New SpyEye plugin takes control of crimeware victims' webcam and microphone

New SpyEye plugin takes control of crimeware victims' webcam and microphone

Summary: Security researchers from Kaspersky have profiled a new SpyEye plugin known as flashcamcontrol.dll which takes control of the victim's webcam and microphone.

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TOPICS: Browser
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Security researchers from Kaspersky have profiled a new SpyEye plugin known as flashcamcontrol.dll.

What does it do? Basically, it modifies an infected host's Flash permissions, allowing cybercriminals the opportunity to control and webcam and the microphone of the infected victims.

More details:

If an infected user visits the site of a specified bank and the browser processing the page requests a flash-document via a link from the first column, the webfakes.dll plugin (which runs in a browser context) detects that request and replaces it with an address from the second column – an address controlled by the intruders. As a result, the browser will load a malicious document from the intruder’s server (statistiktop.com) instead of a flash document from the bank site.

It turned out that both flash documents merely create a window with a picture from the webcam. One of them sends a video stream to the intruder’s server.

It appears that someone is experimenting, with long-term ambitions on their mind. Face recognition for online banking as a concept has been around for years, however, financial institutions globally have failed to implement the solution on a large scale. Personally, I believe that facial recognition as a value-added protection mechanism is a futile attempt to prevent a successful crimeware attack on the infected host.

Taking into consideration the fact that on the majority of occasions users don't know that they're infected with crimeware, a visual representation of the fact that a particular end user is indeed in front of the computer wouldn't change this. And now cybercriminals have developed an efficient way to undermine the facial recognition process with ease.

This latest development once again proves that cybercriminals are steps ahead of the security industry, and will continue to innovate in an attempt to increase their fraudulently obtained revenues.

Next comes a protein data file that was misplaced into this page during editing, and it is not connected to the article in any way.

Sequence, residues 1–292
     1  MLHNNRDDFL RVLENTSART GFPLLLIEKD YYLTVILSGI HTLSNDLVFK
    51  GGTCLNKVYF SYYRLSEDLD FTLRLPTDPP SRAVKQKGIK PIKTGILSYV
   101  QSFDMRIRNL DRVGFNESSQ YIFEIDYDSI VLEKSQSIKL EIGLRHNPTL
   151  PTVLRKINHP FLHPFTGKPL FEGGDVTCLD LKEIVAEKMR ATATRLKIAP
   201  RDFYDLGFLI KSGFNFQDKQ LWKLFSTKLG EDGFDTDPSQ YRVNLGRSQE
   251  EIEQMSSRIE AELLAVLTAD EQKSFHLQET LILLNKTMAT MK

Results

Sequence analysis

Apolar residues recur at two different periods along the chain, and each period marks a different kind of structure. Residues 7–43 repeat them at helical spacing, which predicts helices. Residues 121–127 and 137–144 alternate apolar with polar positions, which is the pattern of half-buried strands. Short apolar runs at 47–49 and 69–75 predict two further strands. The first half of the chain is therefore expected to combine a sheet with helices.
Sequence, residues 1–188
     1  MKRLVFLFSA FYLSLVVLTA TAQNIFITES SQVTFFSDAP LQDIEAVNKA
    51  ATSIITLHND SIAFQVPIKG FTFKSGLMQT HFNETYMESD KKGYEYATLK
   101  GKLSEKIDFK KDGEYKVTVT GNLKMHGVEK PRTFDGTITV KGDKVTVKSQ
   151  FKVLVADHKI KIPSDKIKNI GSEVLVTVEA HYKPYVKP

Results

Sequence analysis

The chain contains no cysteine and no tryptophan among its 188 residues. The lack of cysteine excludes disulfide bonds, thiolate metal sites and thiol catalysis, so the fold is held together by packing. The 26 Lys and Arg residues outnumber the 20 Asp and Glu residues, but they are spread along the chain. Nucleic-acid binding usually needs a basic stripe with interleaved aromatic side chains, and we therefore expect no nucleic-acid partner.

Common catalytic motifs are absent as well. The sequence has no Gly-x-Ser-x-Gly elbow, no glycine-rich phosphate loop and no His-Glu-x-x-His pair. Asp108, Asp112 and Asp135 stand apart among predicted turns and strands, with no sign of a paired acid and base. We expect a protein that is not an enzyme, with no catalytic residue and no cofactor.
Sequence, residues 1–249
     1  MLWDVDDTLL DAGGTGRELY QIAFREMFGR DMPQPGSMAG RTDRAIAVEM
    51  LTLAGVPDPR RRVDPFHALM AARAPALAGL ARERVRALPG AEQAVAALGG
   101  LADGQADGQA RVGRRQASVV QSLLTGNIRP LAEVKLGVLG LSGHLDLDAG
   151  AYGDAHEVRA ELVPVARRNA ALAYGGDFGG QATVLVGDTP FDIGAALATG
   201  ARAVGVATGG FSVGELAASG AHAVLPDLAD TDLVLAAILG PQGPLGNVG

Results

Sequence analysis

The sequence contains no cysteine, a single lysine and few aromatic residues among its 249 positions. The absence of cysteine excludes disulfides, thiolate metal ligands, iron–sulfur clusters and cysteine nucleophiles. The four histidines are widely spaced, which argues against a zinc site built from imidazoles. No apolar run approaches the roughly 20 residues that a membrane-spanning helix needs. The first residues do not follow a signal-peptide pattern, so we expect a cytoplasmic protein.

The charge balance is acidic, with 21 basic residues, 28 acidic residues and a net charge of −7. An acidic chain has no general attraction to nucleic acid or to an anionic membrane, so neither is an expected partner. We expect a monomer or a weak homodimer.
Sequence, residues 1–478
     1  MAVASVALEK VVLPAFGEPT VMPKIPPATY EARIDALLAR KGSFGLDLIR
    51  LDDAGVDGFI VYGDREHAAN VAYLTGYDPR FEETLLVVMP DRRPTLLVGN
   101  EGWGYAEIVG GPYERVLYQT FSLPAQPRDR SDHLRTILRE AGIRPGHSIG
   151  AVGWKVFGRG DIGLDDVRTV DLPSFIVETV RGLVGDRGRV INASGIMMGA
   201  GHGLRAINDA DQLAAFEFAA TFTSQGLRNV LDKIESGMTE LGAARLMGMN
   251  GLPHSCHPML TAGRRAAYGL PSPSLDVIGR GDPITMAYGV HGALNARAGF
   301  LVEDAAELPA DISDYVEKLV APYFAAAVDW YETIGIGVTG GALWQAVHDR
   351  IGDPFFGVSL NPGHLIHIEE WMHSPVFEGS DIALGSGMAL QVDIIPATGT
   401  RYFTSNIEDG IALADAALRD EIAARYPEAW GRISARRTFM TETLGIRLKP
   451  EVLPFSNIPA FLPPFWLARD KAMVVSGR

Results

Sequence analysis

Find out more about Dancho Danchev at his LinkedIn profile, or follow him on Twitter.

Topic: Browser

Dancho Danchev

About Dancho Danchev

Dancho Danchev is an independent security consultant and cyber threats analyst, with extensive experience in open source intelligence gathering, malware and cybercrime incident response.

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6 comments
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  • spy cam

    Similar remote camera and microphone virus like applications have been around for years, but used for a different purpose.
    Ladies (and gents???) how many of you leave the lid of your laptop open and switched on while getting dressed or undressed in the background???.. I have always put a small piece of tape over the camera on any laptop I use when it is not in use, and tell others to do the same. There is probably a highly secret site which has been around for years that is dedicated to showing these clips. Maybe somebody would like to share the link here, thought not??????(grin)
    ronangel
  • Kaspersky Again?

    I see that ZDNet makes a lot of references to Kaspersky. Do you guys have a business contract with them? If yes, is that honorable "journalism" on ZDNet's part?
    Eleutherios
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  • Kaspersky again ?

    Interesting that Kaspersky always seem to "discover" the more recent malware.
    Could they be involved or an insider ?
    NotM$Sucked
  • Kaspersky

    You know I have tried Kasperky's products and to be honest, I wasnt that impressed. I like other products a lot better. Also it's a proven fact that most of the malware comes out of the country where Kaspersky is based.
    muttjp
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